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Discovery (standard:science fiction, 1022 words) [1/8] show all parts
Author: GoreripperUpdated: Dec 11 2001Views/Reads: 2979/2Part vote: 0.00 (0 votes)
Scientists discover radio signals coming from a distant star and a starship crew is sent to investigate.

The planet we now know as Arcana lies some 100,000 light years from our
own, in the arm of the Great Spiral in the constellation of Itigo. Ever 
since our own species looked up to the stars and realised there were 
worlds other than our own, there have been those of us who have 
pondered the question of life on another planet, and with the accident 
of physics which allowed us to find the key to interstellar travel just 
over three hundred years ago our first quest was to seek for such life 
beyond our own warm, cosy rock. Expeditions to our planetary neighbours 
in the days of wasteful combustible fuel engines had proved the beliefs 
of scientists that there was no life of any significant kind to be 
found on them, and as we had always done we delved deeper and deeper 
into the vastness of the universe in an effort to discover some proof 
that we were not alone. 

Such proof was not long in coming with the advent of hyperdrive travel,
though much of what was discovered was, as we are all now well aware, 
infinitely alien to us and in most cases relatively primitive. There 
have been exceptions to this last rule of course, and our culture and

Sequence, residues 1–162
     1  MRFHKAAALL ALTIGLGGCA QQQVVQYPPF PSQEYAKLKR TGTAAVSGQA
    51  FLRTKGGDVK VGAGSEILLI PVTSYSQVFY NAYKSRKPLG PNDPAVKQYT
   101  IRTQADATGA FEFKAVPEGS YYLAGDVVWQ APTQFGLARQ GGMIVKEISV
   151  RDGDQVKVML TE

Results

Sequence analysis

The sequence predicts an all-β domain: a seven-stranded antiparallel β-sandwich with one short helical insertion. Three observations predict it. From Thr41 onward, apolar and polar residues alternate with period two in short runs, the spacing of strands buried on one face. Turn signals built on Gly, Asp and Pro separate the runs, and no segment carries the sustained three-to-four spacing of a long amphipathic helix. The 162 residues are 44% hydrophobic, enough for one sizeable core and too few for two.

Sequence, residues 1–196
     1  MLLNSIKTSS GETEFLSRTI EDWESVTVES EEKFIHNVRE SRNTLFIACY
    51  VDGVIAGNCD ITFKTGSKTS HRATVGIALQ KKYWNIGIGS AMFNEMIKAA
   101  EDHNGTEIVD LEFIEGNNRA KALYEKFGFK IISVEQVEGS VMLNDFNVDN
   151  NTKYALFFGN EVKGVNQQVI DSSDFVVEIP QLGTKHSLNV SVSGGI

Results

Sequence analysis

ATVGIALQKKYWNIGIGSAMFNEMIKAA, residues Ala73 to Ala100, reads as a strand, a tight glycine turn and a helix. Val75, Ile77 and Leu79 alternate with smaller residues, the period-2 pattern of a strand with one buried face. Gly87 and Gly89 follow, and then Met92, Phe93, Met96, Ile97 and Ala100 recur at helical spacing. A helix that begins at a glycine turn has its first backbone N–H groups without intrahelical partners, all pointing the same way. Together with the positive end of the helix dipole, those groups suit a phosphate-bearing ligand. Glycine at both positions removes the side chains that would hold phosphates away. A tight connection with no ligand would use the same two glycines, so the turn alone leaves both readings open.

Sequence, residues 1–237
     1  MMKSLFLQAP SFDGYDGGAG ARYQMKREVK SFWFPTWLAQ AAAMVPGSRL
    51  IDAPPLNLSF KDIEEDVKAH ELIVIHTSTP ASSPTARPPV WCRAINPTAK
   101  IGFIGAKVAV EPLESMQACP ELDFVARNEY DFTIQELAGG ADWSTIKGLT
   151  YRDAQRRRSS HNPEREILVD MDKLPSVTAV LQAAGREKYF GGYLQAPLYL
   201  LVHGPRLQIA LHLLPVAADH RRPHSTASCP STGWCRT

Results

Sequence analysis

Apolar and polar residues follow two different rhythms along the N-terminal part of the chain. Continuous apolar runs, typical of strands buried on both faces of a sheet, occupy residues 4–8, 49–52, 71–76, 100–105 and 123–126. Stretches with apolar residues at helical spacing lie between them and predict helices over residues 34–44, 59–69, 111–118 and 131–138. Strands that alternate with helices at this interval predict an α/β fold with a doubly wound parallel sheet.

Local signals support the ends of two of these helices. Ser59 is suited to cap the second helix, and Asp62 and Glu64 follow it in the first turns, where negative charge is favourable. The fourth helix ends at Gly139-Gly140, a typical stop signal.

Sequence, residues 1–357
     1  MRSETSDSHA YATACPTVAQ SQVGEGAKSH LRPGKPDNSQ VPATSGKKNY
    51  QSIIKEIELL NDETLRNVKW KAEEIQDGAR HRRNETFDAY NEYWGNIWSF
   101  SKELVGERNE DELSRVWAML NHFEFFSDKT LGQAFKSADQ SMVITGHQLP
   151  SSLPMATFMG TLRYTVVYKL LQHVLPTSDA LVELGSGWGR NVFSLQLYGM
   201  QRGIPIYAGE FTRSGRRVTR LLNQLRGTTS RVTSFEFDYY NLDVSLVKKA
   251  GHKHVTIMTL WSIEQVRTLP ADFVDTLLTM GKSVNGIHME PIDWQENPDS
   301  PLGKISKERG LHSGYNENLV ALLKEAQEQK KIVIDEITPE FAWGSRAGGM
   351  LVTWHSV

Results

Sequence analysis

society has been richly and enormously benefited by our interaction 
with other intelligent species from the many worlds within our galaxy. 

There's no sating an inquiring mind however, and on a planet with as
many inquiring minds as our own, it wasn't enough to discover an 
abundance of life and culture in our own galaxy. Eyes turned ever 
outward towards the spiralling clusters across the hugeness of 
intergalactic space, and aided by our technologies we sought further 
and further afield for something which could prove that our galaxy 
wasn't the only one teeming with life. The odds were all in favour of 
the possibility of course, and it wasn't so much a question of IF life 
was there, but what shape that life would take. 

On Merkart 5, 2576, a radio telescope sweeping the southern sky in the
area of the Itigo constellation began picking up faint and incredibly 
distant radio signals. Slight adjustments of the telescope produced an 
overwhelming result as, in a short time, a constant stream of 
continuous and incomprehensible babble was received. In the days which 
followed, this stream was diluted and separated into an enormous array 
of individual transmissions numbering in their hundreds of thousands. 
It was patently evident that a highly developed civilisation existed 
far across space in a hitherto unexplored area. When the source of the 
signals was pinpointed, however, astronomers were aghast. These 
transmissions emanated from a distant solar system an estimated 100,000 
light years away. Whatever race of beings had sent out those messages 
had been doing so long before our own race had even evolved! 

Out there beyond the reaches of our galactic exploration there was an